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Annandale student Mitchell Frank reaches third round at U.S. Open | People

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Annandale student Mitchell Frank reaches third round at U.S. Open

Very few top athletes stick around their hometowns once they hit the big time. Junior tennis star Mitchell Frank is an exception. Frank, age 16, grew up in Annandale and still lives here with his parents.

He attended Wakefield Forest Elementary and Poe Middle School and is a senior at Annandale High School. Although with his busy tournament and training schedule, he takes all his classes online - English, geosystems, world history I, and AP statistics. Frank says he devotes five and a-half hours a day to tennis practice and fitness.

After competing in the U.S. Open in Flushing Meadows, N.Y., earlier this week, Frank was back in Annandale, attending the Atoms home football game Friday night with his friends.

Frank won the first two rounds in the Junior Boys Singles event at the U.S. Open, beating Darian King of Barbados (6-4 and 6-1) and Oliver Golding of Great Britain (6-4, 6-2). In the third round, he lost to Hungarian Marton Fucsovics (4-6, 1-6).

This was the second time Frank played in the U.S. Open, and he says “it was a really good experience. There was less pressure this time. I felt very at east playing there, and I knew what was at stake.” A highlight of the tournament for Frank was the chance to hit the ball with his favorite tennis player, Roger Federer.

Frank played in the French Open for the first time in 2009 and has played in seven grand slam tournaments including Wimbledon, the Australian Open, Yucatan World Cup, and Casablanca Junior Cup. Since last December, the 6' 0" 165-pound right-hander has been among the top 20 tennis players 18 and under and has been ranked as high as No. 5.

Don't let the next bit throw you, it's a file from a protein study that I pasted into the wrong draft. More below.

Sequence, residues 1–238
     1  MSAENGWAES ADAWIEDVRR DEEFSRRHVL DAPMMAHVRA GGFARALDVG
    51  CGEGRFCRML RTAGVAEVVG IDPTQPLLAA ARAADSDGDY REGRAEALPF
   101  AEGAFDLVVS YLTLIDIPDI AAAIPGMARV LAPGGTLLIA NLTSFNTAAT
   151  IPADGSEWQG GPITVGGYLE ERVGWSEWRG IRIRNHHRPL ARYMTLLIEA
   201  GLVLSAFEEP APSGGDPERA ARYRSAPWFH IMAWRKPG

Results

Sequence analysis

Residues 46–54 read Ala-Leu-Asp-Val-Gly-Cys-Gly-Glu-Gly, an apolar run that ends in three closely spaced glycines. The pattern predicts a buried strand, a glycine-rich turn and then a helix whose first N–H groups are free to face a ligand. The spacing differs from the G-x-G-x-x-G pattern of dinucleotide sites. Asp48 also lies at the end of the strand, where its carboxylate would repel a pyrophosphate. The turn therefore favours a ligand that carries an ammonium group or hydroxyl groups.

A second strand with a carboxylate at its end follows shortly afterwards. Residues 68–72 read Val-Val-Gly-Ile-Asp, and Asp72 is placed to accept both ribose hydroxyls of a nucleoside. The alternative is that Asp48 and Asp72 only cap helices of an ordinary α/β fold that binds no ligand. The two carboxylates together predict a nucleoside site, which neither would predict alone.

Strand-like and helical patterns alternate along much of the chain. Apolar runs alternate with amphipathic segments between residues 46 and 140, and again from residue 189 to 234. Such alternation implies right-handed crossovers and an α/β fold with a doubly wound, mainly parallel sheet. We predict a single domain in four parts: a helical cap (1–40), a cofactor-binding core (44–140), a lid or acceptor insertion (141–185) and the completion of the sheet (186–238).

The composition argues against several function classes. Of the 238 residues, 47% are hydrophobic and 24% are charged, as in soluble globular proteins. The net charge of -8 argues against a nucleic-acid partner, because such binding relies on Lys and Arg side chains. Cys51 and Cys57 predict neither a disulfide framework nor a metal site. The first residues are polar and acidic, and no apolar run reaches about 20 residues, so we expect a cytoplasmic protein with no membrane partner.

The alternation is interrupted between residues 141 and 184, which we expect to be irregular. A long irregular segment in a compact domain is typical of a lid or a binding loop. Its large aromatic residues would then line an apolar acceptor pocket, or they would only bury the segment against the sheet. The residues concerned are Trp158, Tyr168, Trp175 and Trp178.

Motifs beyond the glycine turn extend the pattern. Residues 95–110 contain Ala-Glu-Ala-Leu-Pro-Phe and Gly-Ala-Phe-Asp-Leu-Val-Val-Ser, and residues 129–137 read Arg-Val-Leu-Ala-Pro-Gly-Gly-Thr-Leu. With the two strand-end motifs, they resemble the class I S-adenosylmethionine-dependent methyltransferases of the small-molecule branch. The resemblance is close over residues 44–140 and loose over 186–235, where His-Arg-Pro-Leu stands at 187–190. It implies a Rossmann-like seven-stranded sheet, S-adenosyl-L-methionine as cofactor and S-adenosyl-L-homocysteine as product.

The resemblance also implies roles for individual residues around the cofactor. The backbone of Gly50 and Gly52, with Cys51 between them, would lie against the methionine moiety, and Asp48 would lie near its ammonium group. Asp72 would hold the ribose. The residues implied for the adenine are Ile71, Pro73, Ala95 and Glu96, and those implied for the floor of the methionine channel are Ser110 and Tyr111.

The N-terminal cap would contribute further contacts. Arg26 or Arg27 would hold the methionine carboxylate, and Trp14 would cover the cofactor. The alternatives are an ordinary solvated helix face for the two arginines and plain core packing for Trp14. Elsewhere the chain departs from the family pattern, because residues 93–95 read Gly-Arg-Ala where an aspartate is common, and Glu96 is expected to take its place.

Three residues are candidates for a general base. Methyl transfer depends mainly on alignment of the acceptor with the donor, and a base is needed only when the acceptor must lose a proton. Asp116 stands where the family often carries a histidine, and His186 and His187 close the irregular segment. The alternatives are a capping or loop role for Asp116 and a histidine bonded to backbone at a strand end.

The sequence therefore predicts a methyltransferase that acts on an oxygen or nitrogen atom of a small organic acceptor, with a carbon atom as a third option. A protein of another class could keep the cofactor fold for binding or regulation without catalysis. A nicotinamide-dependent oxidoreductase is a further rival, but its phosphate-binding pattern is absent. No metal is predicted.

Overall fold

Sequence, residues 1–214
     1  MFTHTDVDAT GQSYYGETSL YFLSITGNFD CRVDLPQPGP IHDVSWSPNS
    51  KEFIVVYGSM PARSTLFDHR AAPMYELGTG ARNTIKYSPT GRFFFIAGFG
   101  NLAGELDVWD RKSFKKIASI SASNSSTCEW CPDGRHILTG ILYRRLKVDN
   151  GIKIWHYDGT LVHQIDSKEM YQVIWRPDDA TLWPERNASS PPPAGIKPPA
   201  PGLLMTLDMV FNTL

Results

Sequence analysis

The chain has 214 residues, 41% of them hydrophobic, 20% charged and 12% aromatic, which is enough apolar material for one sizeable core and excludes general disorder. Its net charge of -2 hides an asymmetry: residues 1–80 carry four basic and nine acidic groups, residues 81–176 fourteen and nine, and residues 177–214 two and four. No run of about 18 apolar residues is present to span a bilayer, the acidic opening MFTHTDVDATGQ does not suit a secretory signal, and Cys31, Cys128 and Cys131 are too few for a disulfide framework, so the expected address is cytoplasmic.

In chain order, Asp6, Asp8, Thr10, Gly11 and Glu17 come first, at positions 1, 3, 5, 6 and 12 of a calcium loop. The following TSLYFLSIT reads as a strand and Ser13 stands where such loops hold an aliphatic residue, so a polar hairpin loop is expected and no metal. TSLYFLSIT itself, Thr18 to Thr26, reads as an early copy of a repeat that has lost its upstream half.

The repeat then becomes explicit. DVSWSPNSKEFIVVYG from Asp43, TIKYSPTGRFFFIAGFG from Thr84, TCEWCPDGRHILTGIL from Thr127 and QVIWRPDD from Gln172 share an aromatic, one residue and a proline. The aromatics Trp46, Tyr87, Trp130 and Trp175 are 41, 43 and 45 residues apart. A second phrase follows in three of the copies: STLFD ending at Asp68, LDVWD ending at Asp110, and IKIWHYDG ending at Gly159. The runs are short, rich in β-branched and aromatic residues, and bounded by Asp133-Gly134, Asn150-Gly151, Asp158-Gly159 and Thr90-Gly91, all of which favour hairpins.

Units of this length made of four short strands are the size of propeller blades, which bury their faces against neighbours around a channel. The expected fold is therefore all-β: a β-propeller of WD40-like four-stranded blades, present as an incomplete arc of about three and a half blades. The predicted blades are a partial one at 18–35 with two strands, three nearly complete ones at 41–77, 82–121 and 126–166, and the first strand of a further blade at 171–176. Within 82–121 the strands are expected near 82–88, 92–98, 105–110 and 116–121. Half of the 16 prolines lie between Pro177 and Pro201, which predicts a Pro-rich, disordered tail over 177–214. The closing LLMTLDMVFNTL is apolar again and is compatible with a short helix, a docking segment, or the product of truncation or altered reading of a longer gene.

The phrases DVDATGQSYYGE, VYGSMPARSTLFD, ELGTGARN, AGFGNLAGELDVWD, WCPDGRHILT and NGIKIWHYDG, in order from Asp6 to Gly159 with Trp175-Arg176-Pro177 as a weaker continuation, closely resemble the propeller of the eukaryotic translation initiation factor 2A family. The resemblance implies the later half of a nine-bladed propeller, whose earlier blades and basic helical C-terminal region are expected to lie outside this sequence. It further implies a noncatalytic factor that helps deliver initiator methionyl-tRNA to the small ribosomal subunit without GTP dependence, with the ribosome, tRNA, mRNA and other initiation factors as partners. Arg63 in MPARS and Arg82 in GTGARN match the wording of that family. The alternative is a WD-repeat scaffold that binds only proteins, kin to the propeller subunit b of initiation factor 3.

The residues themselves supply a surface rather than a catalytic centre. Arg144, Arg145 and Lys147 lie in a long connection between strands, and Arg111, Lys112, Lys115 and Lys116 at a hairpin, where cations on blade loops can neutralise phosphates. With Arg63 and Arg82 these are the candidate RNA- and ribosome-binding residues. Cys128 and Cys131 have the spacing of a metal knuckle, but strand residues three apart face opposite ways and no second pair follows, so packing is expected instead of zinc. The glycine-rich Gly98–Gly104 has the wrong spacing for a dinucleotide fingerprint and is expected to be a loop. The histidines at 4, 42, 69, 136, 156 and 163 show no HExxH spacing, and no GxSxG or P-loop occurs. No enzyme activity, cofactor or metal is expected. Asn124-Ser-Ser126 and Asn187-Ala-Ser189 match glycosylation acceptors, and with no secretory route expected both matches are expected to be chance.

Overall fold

Frank’s drive to become a top-ranked tennis player is “entirely his doing,” says his father, Richard Frank, who adds, “Neither my wife nor I had any aspirations in tennis.” Mitchell picked up his first tennis racquet at age 4, and he and his parents discovered he had a natural gift for tennis. But Mitchell preferred playing football until he was 11, “when he decided to focus on tennis and realized he would have to do it full time,” Richard Frank recalls.

Mitchell worked with coach Vinh Do at the Fairfax Racquet Club for three years and “had a good deal of success at U.S. Tennis Association events, his father says. As his game improved and it became clear he had a chance to compete internationally, he began working with coach Vesa Ponkka at the Junior Champions Tennis Center in College Park, Md. Mitchell says he is working on “technical stuff to clean up my game so I can take it to the next level.”

He has endorsement deals with Head for racquets and KSwiss for clothing. Richard says he and his son’s next priority is choosing a college for next year. Colleges with the top tennis teams have made offers, and Mitchell is currently listed No. 1 on the national college recruiting list among high school boys in the class of 2011. “I would consider going pro if I do super well this year and it makes sense to go pro,” Mitchell says.

Mitchell doesn’t know of any other tennis player at his level that is still associated with a hometown high school. But he believes it is important to maintain some balance and have friends outside of tennis. “I enjoy being in this area,” he says. “If you're only all about tennis, you don't know how to react around other people.”